Speaking of the Irish, we finally finished watching Martin Scorsese’s  “The Irishman,” which was so bloody long that we had to make a three-part miniseries out of it. The digital de-aging is a little distracting, until you quit looking for it, but the performances are top shelf. Joe Pesci was superb, Robert De Niro was restrained, and even Al Pacino took a break from chewing on the scenery, mostly. I’d have liked more screen time for Harvey Keitel, but hey, whaddaya gonna do? It is what it is.

There’s a whole gang of familiar faces in this one: comics Ray Romano, Sebastian Maniscalco and Jim Norton; straight men Jesse Piemons, Stephen Graham, and Dominick Lombardozzi; even Little Steven Van Zandt as crooner Jerry Vale.

And you may notice a theater marquee advertising “The Shootist” in the background of one scene. It was about an aging gunman hoping for a quiet death, and John Wayne’s final film. Not long after, De Niro’s character is seen shopping for his own coffin.

It’s only business

November 8, 2019

When is a bulletproof vest not a bulletproof vest? When it’s a shroud.

I was gonna make this very argument yesterday, but Kevin Drum did it today, so I don’t gotta.

Looks like Rudy the Putz is getting fitted for those Redi-Mix traveling shoes.

“What the hell is this?”

“It’s a Sicilian message. It means Rudy Giuliani sleeps with the fishes. Which reminds me, any of yis seen Mick Mulvaney lately?”

Oscar Mayer’d again

February 25, 2019

Lights, camera, inaction!

Well, I see there’s still space on my shelf for that Oscar. Also, for the Emmy, Reuben, Pulitzer, Peabody, MacArthur Fellowship, Nobel, etc., et al., and so on and so forth.

I’ve seen just one of the Academy’s picks — “Black Panther,” which like “Wonder Woman” drew raves but to me seemed like just another superhero movie. As a comics fiend I appreciated that genre for a while, but I’m finally over it. You can paint it black or pink, but it’s still basically what Herself calls “punch porn.” Another franchise, like Mickey D’s, with about as much nutritional value.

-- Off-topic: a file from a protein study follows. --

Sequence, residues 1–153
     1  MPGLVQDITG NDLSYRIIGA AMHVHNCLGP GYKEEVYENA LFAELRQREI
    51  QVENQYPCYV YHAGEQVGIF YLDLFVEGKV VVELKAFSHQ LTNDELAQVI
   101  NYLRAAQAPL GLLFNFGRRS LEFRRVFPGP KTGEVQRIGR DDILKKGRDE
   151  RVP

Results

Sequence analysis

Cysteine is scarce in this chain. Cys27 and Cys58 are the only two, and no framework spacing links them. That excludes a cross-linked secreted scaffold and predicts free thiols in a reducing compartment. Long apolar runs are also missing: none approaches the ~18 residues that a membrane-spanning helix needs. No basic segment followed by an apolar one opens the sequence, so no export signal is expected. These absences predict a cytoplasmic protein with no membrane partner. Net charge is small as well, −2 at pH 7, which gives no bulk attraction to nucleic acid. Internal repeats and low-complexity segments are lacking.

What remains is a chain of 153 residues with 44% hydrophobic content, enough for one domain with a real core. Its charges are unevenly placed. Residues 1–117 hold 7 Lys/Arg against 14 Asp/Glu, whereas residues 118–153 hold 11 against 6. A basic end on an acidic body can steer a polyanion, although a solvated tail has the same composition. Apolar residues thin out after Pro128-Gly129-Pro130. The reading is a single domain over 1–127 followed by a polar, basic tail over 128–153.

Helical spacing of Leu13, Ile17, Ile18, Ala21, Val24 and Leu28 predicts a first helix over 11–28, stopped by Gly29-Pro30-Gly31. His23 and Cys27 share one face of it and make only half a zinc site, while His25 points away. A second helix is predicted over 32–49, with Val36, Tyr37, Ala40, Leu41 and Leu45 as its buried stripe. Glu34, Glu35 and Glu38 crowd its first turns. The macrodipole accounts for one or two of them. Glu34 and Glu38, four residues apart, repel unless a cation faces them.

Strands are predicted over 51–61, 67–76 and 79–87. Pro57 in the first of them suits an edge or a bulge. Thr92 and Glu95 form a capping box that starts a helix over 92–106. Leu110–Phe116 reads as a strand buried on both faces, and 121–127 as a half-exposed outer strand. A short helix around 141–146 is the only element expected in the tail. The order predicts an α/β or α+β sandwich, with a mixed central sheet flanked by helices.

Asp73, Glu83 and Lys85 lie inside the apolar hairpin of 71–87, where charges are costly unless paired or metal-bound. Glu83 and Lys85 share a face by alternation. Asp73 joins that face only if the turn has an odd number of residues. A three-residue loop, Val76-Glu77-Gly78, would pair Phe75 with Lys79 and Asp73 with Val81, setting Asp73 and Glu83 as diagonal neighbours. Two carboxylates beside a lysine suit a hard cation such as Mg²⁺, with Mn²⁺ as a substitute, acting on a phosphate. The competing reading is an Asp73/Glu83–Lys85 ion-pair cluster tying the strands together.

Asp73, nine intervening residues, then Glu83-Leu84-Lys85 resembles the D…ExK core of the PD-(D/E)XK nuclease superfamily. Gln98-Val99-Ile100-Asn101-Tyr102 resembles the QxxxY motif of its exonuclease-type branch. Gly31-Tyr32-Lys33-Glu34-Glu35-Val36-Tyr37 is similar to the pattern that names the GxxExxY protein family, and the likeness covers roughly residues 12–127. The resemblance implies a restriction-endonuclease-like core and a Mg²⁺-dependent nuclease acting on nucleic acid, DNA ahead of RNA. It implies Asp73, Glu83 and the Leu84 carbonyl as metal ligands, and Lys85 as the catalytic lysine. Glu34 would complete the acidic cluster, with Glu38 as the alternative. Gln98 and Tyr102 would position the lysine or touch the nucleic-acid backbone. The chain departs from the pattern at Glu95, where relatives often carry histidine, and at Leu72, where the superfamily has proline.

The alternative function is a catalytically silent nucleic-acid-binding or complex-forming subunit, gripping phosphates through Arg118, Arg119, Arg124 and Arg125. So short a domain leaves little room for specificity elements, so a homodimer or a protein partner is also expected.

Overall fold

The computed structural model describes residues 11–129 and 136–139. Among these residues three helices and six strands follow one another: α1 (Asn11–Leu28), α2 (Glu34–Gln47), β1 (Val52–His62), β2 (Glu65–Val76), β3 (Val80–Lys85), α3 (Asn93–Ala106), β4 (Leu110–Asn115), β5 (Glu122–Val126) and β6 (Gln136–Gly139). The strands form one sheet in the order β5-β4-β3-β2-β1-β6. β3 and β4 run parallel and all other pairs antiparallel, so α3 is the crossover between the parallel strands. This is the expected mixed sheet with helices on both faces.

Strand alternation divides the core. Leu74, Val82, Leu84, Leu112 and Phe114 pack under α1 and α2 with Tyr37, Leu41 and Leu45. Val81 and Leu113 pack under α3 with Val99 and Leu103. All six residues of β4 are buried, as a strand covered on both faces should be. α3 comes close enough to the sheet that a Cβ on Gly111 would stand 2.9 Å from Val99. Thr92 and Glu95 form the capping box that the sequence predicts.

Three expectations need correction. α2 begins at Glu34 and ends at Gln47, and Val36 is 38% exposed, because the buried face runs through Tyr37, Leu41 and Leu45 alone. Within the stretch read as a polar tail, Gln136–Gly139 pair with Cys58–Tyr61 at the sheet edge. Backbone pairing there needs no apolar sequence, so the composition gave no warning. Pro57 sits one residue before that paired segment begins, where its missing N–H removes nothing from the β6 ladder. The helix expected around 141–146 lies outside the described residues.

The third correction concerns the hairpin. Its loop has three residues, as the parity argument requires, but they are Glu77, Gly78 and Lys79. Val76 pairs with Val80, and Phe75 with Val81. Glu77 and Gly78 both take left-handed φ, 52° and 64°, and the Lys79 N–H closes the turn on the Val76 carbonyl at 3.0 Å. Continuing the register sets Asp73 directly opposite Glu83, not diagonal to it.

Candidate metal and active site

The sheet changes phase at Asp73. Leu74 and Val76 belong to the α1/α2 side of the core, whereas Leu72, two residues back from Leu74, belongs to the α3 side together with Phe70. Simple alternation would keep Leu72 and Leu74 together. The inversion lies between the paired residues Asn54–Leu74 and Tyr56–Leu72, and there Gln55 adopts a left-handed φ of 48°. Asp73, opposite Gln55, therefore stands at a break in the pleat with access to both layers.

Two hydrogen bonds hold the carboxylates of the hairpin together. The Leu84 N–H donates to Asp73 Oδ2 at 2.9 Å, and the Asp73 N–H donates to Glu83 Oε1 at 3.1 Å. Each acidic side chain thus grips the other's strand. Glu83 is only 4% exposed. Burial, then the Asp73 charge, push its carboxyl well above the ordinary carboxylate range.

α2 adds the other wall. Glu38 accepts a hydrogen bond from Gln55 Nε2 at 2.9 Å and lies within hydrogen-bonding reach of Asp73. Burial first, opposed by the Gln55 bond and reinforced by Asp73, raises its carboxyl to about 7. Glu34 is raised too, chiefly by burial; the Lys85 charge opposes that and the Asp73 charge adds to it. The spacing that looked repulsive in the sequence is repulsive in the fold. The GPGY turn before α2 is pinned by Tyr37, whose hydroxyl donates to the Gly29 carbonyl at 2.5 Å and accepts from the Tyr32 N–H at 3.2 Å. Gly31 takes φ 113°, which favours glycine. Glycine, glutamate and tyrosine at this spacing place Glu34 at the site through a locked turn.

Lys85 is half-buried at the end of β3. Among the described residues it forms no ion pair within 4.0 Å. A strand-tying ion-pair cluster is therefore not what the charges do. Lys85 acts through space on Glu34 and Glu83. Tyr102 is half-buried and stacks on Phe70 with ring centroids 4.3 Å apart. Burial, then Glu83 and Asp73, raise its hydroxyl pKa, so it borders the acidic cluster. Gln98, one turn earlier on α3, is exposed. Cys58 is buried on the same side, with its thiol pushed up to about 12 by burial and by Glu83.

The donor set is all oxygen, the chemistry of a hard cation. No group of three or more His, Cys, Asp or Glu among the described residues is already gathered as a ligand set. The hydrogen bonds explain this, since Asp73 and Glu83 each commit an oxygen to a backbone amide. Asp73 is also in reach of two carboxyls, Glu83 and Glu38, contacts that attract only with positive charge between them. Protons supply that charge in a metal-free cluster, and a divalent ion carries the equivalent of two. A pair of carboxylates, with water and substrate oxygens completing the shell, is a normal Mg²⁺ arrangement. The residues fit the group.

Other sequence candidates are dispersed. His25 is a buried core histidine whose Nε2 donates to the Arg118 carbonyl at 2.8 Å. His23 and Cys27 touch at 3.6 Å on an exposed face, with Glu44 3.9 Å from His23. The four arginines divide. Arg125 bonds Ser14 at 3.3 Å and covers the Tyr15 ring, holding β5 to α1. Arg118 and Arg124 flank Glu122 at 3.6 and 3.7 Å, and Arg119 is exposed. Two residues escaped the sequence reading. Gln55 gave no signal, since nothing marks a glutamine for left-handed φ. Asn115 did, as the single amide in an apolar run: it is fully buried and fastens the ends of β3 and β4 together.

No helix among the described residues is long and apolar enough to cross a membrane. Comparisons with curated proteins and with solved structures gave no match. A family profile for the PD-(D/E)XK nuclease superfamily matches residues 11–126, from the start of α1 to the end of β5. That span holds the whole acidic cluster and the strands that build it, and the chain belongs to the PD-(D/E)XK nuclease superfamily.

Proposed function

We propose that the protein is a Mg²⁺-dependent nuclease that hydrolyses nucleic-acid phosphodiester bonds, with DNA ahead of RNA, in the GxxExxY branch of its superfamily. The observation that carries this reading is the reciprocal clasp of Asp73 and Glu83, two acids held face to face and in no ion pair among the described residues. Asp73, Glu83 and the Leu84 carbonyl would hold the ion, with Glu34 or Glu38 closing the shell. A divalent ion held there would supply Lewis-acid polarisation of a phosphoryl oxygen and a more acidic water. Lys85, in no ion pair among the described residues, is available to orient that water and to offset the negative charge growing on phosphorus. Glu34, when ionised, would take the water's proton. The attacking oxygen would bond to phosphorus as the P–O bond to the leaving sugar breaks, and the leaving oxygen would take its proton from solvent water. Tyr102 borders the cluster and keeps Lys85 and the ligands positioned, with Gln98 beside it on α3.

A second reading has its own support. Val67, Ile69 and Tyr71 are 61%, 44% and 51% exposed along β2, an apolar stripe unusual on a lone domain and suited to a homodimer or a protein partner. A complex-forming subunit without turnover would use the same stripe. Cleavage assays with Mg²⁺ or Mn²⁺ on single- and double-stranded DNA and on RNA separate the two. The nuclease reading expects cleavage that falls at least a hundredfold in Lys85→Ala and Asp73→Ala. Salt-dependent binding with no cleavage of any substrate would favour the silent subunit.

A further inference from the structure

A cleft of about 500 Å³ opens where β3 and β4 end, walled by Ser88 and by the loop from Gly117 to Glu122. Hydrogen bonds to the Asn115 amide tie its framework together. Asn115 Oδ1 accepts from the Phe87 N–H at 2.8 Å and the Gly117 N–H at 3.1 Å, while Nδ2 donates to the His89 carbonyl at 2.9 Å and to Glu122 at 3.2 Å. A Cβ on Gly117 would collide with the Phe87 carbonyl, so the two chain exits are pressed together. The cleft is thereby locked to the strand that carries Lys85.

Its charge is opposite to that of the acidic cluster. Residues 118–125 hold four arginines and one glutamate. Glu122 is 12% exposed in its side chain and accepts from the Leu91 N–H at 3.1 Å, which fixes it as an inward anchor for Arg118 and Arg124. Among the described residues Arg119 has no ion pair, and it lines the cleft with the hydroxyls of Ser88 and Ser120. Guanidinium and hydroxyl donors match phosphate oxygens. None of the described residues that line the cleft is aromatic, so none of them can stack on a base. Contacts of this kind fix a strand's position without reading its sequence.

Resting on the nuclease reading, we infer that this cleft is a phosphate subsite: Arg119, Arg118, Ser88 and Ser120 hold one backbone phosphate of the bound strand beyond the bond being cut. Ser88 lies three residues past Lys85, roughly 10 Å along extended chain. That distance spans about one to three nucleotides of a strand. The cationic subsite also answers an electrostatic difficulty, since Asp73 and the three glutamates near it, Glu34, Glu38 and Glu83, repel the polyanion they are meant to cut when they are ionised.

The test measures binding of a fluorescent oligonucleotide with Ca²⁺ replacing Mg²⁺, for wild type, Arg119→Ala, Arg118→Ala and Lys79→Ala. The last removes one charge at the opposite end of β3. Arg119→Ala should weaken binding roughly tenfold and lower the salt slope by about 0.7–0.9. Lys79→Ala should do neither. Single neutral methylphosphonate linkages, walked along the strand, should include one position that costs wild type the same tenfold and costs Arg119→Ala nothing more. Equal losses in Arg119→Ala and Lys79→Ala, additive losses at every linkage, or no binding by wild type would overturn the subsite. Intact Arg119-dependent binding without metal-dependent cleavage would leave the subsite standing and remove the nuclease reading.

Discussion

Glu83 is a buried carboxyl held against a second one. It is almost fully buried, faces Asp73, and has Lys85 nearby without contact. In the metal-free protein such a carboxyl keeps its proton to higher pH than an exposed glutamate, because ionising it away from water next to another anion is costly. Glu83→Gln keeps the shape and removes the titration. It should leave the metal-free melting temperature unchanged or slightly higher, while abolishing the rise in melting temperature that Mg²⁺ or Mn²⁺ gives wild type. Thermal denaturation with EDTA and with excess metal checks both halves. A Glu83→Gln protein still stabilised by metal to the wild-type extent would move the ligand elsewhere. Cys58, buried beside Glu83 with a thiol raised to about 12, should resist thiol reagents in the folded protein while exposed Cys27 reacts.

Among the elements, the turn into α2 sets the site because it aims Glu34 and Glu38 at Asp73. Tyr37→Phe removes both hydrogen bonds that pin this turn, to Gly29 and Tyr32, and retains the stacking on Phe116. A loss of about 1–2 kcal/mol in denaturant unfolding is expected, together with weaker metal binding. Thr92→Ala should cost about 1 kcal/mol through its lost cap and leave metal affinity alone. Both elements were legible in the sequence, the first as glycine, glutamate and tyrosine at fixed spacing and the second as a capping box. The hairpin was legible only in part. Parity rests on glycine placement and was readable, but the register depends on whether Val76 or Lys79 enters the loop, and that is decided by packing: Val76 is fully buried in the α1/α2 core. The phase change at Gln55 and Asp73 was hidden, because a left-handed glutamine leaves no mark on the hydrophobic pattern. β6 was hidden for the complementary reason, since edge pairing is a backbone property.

Now, TV, that’s the thing. There’s some great stuff happening on the small screen, which these days seems bigger than the one down at the multiplex. A favorite around here is “High Maintenance.” On the surface, it’s about a bicycling weed dealer and his clientele, but there’s plenty of depth to the thing. It’s like peeking into random windows as you stroll down an unfamiliar street.

Still, there are some movies worth watching. And one of them has its roots in a TV show. We checked out the 2018 documentary “Won’t You Be My Neighbor?” this weekend and it was surprisingly revelatory and touching.

I wasn’t a “Mister Rogers’ Neighborhood” kid. “Captain Kangaroo” was my guy. I knew Mister Rogers primarily through the various sendups on “Saturday Night Live,” National Lampoon’s “That’s Not Funny, That’s Sick,” etc.

But Fred Rogers comes off looking like much more than a punchline — he seems like a thoughtful gent whose own childhood was not all that rosy and who came to believe that children’s TV had a higher calling than selling toys.